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There are a lot of things about The Immortals that the general public doesn’t realize. One of them is the sharp contrast between living as an Immortal and living as an ordinary citizen. Sure everyone knows they’re as different as night and day, but they can’t really comprehend it until they’ve had their feet in both worlds.

For the first four or five years after the economy collapsed, people kept their electronics. They wanted to sell them because they needed the money, but nobody could really afford to buy them. So they just kept them until they were worn out, then threw them away. Now very few people have more than just a TV, maybe an old computer.

If an Immortal doesn’t have at least two of every major electronic — car, phone, television, and so forth — they’re practically freaks in The Necropolis. The grants are a hundred thousand dollars a month, but things are a lot cheaper than they were a few years ago. The Immortals only make up a small percentage of the population, so electronics aren’t exactly in demand anymore, at least not like they used to be.

The Necropolis is small by pre-collapse standards, but it is still the second largest city in the world. Other countries have their own system and cities that are similar, but they still can’t hold a candle to it. The largest is Los Angeles, where most of the pre-collapse celebrities still live. There are at least two million people living there as opposed to the nearly one thousand in The Necropolis, but being a former celebrity doesn’t give you access to TNV or lifetime grants, and none of The Immortals were celebrities before they joined. All the major music, movie, and TV studios went bankrupt post-collapse and a lot of those workers, just like the rest of the country, were used to blowing through money like candy. So they were all in the same rut as the rest of the country by now.

So if you want to go to a place where luxury and wealth abound, The Necropolis is the place to go. Unfortunately, the only thing harder than getting in is getting out, and the price of staying is much higher than any lifetime grants could pay for.


I never thought I’d see so many people at a funeral.

I haven’t been to many funerals, but the few I have attended weren’t nearly this crowded — not even my dad’s. The entire sanctuary was filled to capacity and people were standing in the back and along the aisles. A few minutes before the service started, the ushers came and spoke to them. I overheard one of them standing close to me say this many people in the building was a fire hazard and they would have to leave. I also never thought I’d see anyone kicked out of a funeral.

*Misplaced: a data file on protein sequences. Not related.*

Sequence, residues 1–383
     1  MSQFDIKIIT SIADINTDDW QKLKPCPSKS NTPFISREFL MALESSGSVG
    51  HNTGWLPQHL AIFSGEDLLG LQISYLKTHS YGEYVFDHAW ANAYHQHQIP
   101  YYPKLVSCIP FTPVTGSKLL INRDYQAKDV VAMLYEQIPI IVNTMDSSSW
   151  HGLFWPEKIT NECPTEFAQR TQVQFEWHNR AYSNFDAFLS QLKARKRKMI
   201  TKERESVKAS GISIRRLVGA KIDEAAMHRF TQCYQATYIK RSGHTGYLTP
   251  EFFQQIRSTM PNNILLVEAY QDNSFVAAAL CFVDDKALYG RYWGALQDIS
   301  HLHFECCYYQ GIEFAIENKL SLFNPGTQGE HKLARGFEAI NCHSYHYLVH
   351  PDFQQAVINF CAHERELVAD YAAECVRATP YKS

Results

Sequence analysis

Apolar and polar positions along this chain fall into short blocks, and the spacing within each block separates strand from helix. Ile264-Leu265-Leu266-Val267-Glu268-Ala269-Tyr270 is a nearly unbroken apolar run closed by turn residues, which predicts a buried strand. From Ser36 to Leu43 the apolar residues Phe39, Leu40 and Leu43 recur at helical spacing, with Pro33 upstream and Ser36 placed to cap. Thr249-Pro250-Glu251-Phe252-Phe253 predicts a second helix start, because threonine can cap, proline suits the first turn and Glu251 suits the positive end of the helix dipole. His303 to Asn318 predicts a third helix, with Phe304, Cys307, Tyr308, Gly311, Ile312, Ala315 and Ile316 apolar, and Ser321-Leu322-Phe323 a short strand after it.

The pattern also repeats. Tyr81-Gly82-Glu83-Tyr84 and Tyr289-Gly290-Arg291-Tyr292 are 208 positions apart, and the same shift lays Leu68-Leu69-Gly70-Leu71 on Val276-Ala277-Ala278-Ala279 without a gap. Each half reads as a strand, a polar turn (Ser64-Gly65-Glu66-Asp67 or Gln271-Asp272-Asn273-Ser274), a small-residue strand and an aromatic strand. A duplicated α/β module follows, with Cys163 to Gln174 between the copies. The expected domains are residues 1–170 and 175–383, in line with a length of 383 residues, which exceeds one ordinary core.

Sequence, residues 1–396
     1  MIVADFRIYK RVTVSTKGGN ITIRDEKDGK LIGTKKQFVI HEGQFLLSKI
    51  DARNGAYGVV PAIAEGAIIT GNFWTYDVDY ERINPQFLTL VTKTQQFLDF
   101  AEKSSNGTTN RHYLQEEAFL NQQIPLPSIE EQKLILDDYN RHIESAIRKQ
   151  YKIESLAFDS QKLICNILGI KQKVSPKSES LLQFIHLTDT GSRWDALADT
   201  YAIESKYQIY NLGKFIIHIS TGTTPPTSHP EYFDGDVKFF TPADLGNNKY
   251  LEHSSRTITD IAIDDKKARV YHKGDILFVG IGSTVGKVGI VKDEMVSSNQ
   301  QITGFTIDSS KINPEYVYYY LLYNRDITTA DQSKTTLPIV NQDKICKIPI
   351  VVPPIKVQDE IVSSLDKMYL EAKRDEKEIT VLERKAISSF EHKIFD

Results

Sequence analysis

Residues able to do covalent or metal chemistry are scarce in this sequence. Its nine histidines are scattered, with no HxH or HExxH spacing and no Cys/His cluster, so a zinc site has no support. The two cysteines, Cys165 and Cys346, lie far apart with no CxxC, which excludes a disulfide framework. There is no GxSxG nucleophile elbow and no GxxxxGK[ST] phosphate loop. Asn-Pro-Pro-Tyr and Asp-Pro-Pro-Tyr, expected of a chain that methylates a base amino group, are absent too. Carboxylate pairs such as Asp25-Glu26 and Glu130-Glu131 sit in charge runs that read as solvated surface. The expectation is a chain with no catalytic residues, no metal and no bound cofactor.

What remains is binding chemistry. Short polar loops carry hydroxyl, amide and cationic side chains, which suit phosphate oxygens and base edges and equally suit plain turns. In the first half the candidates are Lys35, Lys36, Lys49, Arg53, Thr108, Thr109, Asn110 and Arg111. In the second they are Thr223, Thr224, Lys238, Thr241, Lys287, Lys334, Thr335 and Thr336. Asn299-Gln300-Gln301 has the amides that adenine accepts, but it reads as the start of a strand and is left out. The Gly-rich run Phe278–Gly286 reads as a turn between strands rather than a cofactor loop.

Most of the people who got thrown out were reporters who probably didn’t want to be there anyway. They shuffled to the front steps of the church without much protest; they probably couldn’t see much through the stained glass windows but were just waiting for us to come out so they could snap our pictures or ask us questions. I guess I should have at least been glad there were so many people at my grandpa’s funeral, but it made me even more upset. These people weren’t here because of my grandfather, at least not because he was a wonderful man they wanted to pay their respects to (even though he was and they should). They were here because he was famous.

It was obvious that the minister didn’t know grandpa very well because all he did was reread his obituary (which I had already read when it was posted online the day before) and talk about eternal life in heaven. Seems like the only place you can hear about heaven these days is at a funeral. He read John 3:16 and a few passages from Revelation, but I tuned him out. I hadn’t been to church in over a year and even when I had gone I hadn’t exactly paid close attention. I didn’t remember much about the Bible except from Sunday School lessons as a kid and they don’t usually talk about Revelation to little kids. But the little I have heard of it always makes my skin prickle. This passage talked about a new heaven and a new earth and how God would wipe away everyone’s tears and there would be no more death and no more pain. It wasn’t as bad as the bizarre imagery of three headed beasts and lakes of fire, but I still wasn’t buying it. There wasn’t much death where I came from, but there sure as hell was plenty of pain.

It was a pretty typical funeral service, I’d imagine. Mom used to watch old movies where people went to funerals but only the graveside was shown and everyone wore black. Most of them were murder mysteries and some policeman would always come talk to the victim’s family and ask them questions like “did Johnny have any enemies?” We weren’t going to the graveside until later, most people wore dark colors but not all black, and if any reporters were going to question us at the graveside they probably wouldn’t ask us if grandpa had any enemies. Everyone knows he didn’t...well, except maybe for a few panel members he pissed off when he left The Necropolis. And why on earth would detectives question people at a funeral? Wouldn’t it have made more sense to bring them in for questioning at a better time? But it’s not like anyone else had any answers. I had a feeling that at least half the people in the room and more than half the ones attempting to peer in through the stained glass windows didn’t know much more

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